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Are Texan twangs all the same?

By Nancy Kolsti, News Promotions

According to the perceptions of many residents of states other than Texas and natives of other countries, all Texans speak the same way, with their speech filled with drawls and twangs and expressions like “Howdy, y’all.”

Recent university research, however, suggests that Texans don’t view their state as a homogeneous speech community. Instead, they very easily distinguish between areas of the state with “normal Texan speech,” “country speech” and Spanish-influenced speech, and areas where people drawl and twang in their speech.

Patricia Cukor-AvilaPatricia Cukor-Avila, left, associate professor of linguistics, and one graduate student and two undergraduate students are investigating Texans’ perceptions of their own accents and other Texans’ accents through random surveys at shopping malls and other public places. Survey participants were presented with various maps of Texas and asked to indicate where on the maps that they thought people in Texas spoke differently. They were also asked to write down their perceptions of that way of speaking.

The surveys have targeted residents of Amarillo, Austin, El Paso, Houston, Lubbock and other parts of the Panhandle, San Marcos, Wichita Falls and a few towns in East Texas. This fall semester, Cukor-Avila and the student researchers plan to go to Brownsville, Corpus Christi, Longview, Midland-Odessa, Mount Pleasant, Tyler and other cities to gather more data.

Cukor-Avila said that nearly one-third of the almost 400 people who have already been surveyed said that Texans in different parts of the state either “drawl” or “twang.”  However, “the perceived geographical boundaries where people drawl and twang are not as clear-cut as what we found for perceptions of Spanish/Spanglish,” Cukor-Avila said.

The comments written on the maps, she said, “lend support to the stereotype that Texans drawl in the Panhandle and Big Bend West and twang in East Texas and the Piney Woods,” but Texans also perceived speech in the Panhandle as “twangy,” and many respondents said people drawl across the Hill Country and along the Gulf Coast region from north of Houston down into the upper Rio Grande Valley.

Zak Shelton, a senior linguistics major and a student in the Honors College, said he didn’t realize until he began working on the project that Texas residents tend to separate accents with a drawl and accents with a twang. Shelton, who was raised on a cattle ranch outside of Corsicana, said that although many of his family members speak with a heavy drawl, he credits his “non-thick drawl” to his mother, who was very strict about his grammar.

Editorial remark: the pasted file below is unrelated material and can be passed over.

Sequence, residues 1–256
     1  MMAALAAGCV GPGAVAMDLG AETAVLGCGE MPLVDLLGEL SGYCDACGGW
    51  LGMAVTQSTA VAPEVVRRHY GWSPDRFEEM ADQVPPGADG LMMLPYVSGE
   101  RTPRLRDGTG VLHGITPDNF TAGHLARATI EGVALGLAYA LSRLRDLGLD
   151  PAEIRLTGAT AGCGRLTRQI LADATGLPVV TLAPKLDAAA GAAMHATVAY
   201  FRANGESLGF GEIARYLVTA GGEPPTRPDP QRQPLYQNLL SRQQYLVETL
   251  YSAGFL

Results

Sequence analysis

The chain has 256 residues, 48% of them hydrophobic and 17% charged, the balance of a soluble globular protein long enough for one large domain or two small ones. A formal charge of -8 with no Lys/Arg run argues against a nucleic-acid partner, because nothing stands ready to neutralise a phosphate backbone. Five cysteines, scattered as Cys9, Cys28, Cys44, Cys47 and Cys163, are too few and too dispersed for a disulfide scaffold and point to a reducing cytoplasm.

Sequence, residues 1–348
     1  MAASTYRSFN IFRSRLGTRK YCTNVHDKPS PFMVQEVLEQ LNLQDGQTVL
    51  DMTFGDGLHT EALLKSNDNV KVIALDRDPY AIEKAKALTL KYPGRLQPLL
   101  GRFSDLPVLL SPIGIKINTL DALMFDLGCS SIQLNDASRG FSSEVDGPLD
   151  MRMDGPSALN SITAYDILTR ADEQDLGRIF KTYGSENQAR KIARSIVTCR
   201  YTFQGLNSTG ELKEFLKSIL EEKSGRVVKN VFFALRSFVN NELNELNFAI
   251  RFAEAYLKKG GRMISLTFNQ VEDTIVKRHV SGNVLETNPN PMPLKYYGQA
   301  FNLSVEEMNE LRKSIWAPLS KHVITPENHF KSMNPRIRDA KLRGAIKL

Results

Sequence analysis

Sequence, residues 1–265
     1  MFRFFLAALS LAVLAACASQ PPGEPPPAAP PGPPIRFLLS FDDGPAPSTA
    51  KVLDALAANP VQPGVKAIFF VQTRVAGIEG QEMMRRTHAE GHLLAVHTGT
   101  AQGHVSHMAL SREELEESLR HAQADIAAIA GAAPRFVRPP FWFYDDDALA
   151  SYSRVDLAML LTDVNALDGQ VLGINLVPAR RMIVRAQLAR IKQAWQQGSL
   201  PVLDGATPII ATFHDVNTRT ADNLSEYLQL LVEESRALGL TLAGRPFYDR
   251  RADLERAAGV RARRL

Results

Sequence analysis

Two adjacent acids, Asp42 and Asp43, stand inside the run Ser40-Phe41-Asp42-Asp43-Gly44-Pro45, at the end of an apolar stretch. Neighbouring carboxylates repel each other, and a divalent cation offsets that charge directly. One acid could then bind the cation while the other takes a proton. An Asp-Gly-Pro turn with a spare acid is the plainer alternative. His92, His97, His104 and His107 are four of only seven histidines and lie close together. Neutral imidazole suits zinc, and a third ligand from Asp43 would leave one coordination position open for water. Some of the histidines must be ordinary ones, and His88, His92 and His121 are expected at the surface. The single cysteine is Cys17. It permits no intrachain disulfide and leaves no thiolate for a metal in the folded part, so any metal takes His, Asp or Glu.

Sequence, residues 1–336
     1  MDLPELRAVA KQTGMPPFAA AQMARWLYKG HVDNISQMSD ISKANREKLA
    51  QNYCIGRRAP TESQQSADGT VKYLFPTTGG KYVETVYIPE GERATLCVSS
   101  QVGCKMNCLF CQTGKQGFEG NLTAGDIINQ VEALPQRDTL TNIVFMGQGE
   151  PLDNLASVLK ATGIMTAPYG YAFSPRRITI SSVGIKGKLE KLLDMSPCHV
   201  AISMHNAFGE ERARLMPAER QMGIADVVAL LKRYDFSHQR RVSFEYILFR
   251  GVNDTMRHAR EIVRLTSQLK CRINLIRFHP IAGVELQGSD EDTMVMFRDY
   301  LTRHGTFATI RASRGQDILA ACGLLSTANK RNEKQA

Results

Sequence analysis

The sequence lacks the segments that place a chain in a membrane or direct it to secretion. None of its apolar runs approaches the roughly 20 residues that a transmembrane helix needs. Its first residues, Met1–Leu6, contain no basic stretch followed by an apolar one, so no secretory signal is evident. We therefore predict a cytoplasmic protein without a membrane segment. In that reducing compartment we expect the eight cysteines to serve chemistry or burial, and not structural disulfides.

Texas geographical regions“When I go home, however, my accent becomes thicker, and I start sounding more ‘Texan’ and using colloquialisms,” he said.

The student researchers also discovered that most respondents said “normal Texas speech” — meaning, speech that doesn’t have drawls or twangs to the ears of the listeners and doesn’t sound “country” — is found in the North Central region, particularly in and around the Dallas/Fort Worth Metroplex, and along a southern corridor in Austin. A small number of respondents who lived outside of these regions said speech was “normal” where they live.

In other findings:

  • “Country” speech was perceived by most respondents as occurring in and around Amarillo, and in East Texas. It wasn’t associated with major cities outside of the Panhandle.
  • 70 percent of the respondents labeled an area of Texas as “Spanish” or “Spanglish."

Cukor-Avila said the students will continue to analyze the data gathered last spring and this fall to correlate the responses on the surveys to the respondents’ age, gender, education level and identification as Texans. Most respondents had lived in Texas at least 15 years, she said.

The students will determine how much these factors influence people’s ideas about speech in different parts of the state, Cukor-Avila said.

“Our first analysis was to determine the regions of the state that were most identified with certain speech features. But there are many factors that determine how someone personally identifies them,” she said.

The project was presented last spring at both the UNT Honors College Scholars Day and the University of Texas at Austin’s 20thSymposium About Language and Society-Austin, and this summer at the 7th Congress of the International Society for Dialectology and Geolinguistics in Vienna. Cukor-Avila and her students hope to present the demographic analysis at the annual conference of the American Dialect Society, which is scheduled for January 2013.

 

Posted on: Mon 10 September 2012

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